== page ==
Bright borrowers know that a higher credit score, an indication of creditworthiness, can help them qualify for more preferred loans and lower interest rates.
Now, Fair Isaac Corp. (FICO), the company responsible for creating your FICO score, the credit score most valued and used by lenders, is offering a new scoring program. FICO XD factors in alternative forms of data in order to qualify more consumers for credit.
Used by 9 out of 10 lenders, FICO gathers data from traditional credit bureaus like the big three consumer reporting agencies – Experian, TransUnion and Equifax – and assigns a score between 300 and 850.
However, some 26 million consumers are “credit invisible,” meaning they have no credit records, according to the Consumer Finance Protection Bureau. An additional 19 million had credit records that have been treated as unscorable.
FICO XD, introduced last year, uses non-conventional data, such as property data and telecom payment histories, to fill in the gaps for consumers who may have insufficient credit histories to generate a traditional FICO score. The result? An estimated 15 million formerly unscorable borrowers can now be scored via alternative data.
“We’ve found that over one-third of these newly scored consumers now have scores over 620, which is a common threshold for lenders,” says Joanne Gaskin, senior director of scores and analytics for FICO.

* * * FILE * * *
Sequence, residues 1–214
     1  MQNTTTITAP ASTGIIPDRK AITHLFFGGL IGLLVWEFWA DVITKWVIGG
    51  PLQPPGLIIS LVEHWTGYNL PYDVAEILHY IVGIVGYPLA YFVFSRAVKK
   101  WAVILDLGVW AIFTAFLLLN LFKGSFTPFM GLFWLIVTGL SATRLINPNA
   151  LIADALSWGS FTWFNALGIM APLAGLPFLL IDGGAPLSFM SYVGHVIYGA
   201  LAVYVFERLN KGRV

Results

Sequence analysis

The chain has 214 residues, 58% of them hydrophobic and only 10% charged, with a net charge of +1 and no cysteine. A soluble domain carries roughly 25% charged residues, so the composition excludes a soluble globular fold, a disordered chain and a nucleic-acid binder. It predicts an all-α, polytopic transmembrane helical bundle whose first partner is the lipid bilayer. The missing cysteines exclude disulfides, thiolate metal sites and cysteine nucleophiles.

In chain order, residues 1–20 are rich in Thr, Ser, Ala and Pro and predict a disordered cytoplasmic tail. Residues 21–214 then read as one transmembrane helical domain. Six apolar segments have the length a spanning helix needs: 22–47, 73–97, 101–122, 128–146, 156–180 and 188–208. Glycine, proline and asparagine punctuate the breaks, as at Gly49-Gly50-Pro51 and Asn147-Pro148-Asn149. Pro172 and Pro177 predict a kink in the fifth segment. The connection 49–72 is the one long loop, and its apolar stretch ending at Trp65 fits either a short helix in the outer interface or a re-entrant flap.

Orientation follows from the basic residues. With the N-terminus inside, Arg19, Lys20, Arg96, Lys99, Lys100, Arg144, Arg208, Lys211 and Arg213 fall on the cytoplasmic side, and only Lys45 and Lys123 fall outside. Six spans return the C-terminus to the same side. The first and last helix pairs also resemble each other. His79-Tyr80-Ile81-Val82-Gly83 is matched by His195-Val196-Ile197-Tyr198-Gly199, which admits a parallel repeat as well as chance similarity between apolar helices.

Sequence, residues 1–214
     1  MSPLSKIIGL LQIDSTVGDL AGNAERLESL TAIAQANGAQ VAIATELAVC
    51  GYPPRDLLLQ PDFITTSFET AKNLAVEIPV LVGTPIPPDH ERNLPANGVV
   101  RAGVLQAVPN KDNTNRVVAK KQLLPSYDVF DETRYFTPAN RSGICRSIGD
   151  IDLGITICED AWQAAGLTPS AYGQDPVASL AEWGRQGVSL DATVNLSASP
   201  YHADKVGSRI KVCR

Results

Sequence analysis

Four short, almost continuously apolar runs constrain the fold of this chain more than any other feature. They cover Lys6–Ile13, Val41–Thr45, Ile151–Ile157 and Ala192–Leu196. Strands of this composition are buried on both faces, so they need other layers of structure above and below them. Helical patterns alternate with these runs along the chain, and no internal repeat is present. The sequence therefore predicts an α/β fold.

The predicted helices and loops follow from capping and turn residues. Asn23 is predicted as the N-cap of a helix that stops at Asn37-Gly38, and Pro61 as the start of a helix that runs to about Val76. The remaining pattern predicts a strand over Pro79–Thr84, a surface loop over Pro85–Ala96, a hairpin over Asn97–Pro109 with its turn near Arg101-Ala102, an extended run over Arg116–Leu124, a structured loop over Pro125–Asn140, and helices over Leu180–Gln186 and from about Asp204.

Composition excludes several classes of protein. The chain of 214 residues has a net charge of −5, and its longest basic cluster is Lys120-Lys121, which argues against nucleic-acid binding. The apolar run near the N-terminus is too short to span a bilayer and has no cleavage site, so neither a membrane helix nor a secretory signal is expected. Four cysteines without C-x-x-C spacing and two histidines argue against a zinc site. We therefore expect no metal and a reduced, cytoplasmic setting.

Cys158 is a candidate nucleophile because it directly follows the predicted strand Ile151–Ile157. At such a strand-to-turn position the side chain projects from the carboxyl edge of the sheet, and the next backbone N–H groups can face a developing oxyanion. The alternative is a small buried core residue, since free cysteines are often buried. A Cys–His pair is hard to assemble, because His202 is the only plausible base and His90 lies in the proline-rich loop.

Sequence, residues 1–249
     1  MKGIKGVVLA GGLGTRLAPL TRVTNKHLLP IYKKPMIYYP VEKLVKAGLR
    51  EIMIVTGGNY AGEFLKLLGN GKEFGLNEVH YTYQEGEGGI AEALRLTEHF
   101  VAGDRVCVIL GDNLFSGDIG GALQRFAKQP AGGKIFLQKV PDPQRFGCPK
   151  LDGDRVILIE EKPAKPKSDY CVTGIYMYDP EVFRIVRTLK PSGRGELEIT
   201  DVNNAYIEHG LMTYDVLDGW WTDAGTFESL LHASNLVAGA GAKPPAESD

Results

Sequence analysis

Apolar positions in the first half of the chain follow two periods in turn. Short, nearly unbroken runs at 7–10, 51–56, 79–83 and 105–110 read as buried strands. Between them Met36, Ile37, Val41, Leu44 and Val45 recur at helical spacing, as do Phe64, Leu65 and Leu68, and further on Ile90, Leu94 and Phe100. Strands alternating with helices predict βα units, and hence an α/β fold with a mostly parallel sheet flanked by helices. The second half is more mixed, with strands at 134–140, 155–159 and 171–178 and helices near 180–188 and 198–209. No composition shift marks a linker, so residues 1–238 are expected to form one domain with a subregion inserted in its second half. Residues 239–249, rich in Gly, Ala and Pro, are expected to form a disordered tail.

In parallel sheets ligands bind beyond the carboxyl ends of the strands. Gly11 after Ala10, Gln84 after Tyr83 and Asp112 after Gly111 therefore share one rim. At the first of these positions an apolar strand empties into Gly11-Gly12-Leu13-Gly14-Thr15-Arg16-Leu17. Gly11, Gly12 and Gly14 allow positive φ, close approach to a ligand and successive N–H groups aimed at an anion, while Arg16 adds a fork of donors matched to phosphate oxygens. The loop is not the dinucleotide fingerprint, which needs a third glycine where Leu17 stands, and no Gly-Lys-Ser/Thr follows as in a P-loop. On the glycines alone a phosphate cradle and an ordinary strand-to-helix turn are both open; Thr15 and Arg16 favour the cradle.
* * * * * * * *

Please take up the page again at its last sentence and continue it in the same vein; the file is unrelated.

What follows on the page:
The pilot program is geared toward fast-tracking credit card approvals and not mortgages. But armed with the new score, Americans who obtain a credit card and properly manage their payments for a minimum of six months will get regular FICO scores, easing their path toward getting approved for a mortgage loan down the road.
Robert Harrow, research analyst with ValuePenguin, a personal finance website, says it’s too early to know what effect FICO XD might have on the mortgage market.
“While FICO may be presenting lenders with a new scoring model, we’ve yet to see it be applied,” says Harrow. Big banks may be slow to adapt the new model because they have their own legacy assessment systems in place, he said.
FICO XD is not the only alternative credit rating product. VantageScore (backed by Experian, Equifax and Transunion), Experian’s Extended View Score, PRBC credit score and others compete with FICO.
In addition, the nation’s largest mortgage loan holders, FHA, Fannie Mae and Freddie Mac, all allow mortgage approvals for non-traditional credit reports, “although each has separate criteria,” notes Kevin Haney, president of A.S.K. Benefit Solutions, an insurance provider in East Brunswick, N.J.
How, and even if, credit scores are calculated for lending decisions is under scrutiny by legislators. If passed, the Credit Score Competiton Act of 2015 (HR 4211) now before Congress would enable Freddie Mac and Fannie Mae to update their requirements so that lenders could consider alternative credit scoring models rather than relying solely on FICO.
Meanwhile, to improve your traditional FICO score, manage your credit wisely:
– Pay all bills on time
– Keep balances on credit cards and other revolving credit low
– Open new credit accounts only as needed
– Pay off debt; don’t just move it around
– Don’t close unused cards as a short-term strategy to boost your credit score
– Be patient. Negative information on your credit report, such as late payments, a bankruptcy or too many applications for new credit, all take time to go away.